Five Elements of Holy Week

I hope everyone had a good holiday – Easter, Passover, or the onset of Spring.  Maybe the whole Easter week seems not in alignment with your belief in a loving and caring God.  How can we reconcile this story with the God of our understanding?

Years ago I found an explanation of the events of “Holy Week” that made sense to me and which I could apply to my own life. 

Metaphysically, the Easter story contains five elements that can also be found in my life and possibly yours. The five elements are 1: the arrest, 2: the trial, 3: the execution, 4: the resurrection, and 5: the ascension. So how do these elements appear in our lives?

The Arrest – When we set a goal for some greater good in our lives, it is usually a matter of time before we are, like Jesus,  arrested by negative thoughts and appearances. By being arrested we are imprisoned by our own “stinking thinking”.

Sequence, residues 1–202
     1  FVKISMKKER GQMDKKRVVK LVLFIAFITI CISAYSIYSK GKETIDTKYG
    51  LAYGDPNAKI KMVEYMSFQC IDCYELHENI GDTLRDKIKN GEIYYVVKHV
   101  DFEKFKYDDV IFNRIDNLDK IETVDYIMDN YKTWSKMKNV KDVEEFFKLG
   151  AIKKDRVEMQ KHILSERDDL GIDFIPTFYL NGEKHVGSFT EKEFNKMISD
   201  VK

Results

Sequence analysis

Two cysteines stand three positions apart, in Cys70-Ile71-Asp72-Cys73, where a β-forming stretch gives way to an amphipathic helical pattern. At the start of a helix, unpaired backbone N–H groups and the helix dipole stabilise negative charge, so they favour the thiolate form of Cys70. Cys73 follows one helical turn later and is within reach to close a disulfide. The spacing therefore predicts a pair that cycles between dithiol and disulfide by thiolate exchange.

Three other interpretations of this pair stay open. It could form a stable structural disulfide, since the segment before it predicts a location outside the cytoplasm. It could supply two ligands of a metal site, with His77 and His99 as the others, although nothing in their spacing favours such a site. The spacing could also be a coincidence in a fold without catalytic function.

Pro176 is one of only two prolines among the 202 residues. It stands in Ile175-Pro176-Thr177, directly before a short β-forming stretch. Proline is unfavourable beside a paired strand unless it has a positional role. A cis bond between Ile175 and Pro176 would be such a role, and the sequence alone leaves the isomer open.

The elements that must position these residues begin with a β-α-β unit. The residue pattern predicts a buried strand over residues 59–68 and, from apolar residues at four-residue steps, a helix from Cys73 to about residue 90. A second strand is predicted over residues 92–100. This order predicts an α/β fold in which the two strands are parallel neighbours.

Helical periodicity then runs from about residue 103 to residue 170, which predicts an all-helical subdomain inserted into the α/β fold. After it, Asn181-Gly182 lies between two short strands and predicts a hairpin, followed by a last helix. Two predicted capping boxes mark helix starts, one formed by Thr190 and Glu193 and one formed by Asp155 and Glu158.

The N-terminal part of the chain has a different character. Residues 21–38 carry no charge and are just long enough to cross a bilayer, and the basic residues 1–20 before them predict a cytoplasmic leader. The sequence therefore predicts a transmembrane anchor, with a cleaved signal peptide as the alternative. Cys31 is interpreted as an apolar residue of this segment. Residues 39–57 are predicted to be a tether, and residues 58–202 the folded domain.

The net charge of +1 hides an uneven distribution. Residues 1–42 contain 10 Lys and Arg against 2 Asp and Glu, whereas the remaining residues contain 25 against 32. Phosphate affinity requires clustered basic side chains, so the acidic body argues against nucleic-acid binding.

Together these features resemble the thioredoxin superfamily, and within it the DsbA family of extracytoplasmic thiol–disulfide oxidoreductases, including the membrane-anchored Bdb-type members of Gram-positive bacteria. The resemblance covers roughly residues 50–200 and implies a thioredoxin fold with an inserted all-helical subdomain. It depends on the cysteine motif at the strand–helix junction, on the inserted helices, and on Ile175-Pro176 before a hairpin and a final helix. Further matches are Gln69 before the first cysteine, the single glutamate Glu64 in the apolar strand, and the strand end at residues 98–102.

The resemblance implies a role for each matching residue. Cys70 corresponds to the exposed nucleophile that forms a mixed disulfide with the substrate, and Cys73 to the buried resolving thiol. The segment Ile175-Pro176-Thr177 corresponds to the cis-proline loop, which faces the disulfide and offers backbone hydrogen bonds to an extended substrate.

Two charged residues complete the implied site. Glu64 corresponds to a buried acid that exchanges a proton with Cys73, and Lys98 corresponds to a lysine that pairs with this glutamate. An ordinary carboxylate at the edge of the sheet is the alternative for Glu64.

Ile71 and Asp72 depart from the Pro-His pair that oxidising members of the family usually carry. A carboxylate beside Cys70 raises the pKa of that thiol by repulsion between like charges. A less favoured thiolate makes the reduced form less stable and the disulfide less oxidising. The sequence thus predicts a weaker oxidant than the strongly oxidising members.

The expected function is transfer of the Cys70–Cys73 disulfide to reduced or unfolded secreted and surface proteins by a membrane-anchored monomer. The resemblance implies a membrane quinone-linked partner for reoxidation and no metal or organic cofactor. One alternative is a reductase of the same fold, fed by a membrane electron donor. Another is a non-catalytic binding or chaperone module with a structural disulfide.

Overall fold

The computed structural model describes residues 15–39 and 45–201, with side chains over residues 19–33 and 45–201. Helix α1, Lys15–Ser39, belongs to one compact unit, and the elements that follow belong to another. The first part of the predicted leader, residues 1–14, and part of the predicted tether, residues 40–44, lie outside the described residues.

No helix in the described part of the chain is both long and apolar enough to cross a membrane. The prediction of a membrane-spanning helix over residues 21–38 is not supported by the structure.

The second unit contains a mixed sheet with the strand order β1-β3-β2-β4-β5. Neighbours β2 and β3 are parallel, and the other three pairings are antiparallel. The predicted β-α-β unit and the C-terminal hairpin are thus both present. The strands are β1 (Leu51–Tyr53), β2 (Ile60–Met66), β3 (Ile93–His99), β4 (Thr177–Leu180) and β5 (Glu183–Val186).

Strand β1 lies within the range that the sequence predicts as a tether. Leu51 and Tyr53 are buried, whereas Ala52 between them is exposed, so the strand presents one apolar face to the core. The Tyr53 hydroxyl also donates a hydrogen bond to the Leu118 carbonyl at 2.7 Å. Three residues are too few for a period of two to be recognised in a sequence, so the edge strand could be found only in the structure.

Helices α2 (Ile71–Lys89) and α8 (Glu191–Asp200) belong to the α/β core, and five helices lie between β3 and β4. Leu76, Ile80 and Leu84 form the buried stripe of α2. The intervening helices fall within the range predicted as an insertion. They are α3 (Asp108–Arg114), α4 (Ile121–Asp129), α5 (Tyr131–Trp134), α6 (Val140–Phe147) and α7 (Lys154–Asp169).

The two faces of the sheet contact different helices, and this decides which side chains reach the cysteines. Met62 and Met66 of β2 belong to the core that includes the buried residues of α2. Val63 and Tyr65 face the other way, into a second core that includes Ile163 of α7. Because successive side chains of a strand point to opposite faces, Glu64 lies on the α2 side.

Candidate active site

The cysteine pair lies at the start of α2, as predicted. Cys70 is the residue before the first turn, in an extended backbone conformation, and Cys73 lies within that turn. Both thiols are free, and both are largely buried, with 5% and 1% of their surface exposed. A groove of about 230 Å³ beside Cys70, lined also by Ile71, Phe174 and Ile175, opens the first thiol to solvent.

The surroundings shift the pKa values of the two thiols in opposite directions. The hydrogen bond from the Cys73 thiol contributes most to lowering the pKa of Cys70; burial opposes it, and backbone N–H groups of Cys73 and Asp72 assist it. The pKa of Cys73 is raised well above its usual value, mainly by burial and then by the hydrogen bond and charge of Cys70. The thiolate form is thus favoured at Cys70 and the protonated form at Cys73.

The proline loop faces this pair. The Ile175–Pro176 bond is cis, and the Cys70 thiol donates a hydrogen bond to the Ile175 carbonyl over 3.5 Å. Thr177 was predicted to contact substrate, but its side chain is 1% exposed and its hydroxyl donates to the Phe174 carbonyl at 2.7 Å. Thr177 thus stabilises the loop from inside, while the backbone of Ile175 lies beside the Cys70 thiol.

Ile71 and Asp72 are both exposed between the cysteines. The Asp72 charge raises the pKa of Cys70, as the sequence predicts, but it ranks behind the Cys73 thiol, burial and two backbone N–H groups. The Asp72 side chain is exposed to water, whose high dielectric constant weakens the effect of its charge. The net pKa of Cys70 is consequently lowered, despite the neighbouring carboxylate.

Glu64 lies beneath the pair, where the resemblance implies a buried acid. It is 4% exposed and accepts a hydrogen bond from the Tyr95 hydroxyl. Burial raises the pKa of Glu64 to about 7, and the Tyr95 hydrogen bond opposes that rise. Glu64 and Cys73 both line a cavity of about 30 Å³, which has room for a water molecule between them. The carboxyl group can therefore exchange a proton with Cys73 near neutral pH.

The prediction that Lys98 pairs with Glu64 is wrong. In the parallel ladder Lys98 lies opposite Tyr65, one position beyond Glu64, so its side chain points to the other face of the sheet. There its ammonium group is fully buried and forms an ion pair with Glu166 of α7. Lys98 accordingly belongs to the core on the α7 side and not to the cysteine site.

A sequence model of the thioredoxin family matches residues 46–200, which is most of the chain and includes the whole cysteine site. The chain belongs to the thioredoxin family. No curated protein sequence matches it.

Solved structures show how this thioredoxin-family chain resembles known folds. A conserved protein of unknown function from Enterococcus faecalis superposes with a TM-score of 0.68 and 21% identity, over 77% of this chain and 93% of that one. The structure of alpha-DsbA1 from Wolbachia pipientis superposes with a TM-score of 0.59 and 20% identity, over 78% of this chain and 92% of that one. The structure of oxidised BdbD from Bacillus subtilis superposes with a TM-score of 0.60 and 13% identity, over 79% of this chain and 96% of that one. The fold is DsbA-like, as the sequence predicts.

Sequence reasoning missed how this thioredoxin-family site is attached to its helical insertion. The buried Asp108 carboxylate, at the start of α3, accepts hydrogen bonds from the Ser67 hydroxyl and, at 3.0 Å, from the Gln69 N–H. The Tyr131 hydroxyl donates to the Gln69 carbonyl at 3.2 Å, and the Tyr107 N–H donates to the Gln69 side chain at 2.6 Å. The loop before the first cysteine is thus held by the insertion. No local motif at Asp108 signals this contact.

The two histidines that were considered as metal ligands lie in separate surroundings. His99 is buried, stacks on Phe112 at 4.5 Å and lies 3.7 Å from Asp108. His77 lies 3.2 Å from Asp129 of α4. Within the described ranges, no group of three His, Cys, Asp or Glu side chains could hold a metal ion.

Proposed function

The Trial – When we are put on trial we are challenged to hold fast, as Jesus held fast, to our vision of greater good unfolding. That takes not just faith but trust in a Loving God that wants only our highest and best for us.

The Execution – We must totally let go, in other words, die to the old fears and attitudes that have kept us from moving into our freer life. 

The Resurrection – From this death, this letting go, the new is born and resurrection, a new life,  cannot help but result from it. 

The Ascension – As your new life unfolds, you ascend into a higher state of consciousness that is reflected in your body, mind, and circumstances.

This resurrection principle applies to the simple, daily needs of our lives and it applies to your life as a whole.  It is a spiritual journey of our ever-unfolding consciousness.

Once we understand this process, we realize that even though everything ends including our lives, nothing is gone forever.  As a result, we no longer fear endings, for we understand that the Christ that rose from the dead can also arise within us all.

Quote of the Week

“There is no coming to consciousness without pain.”
Carl Jung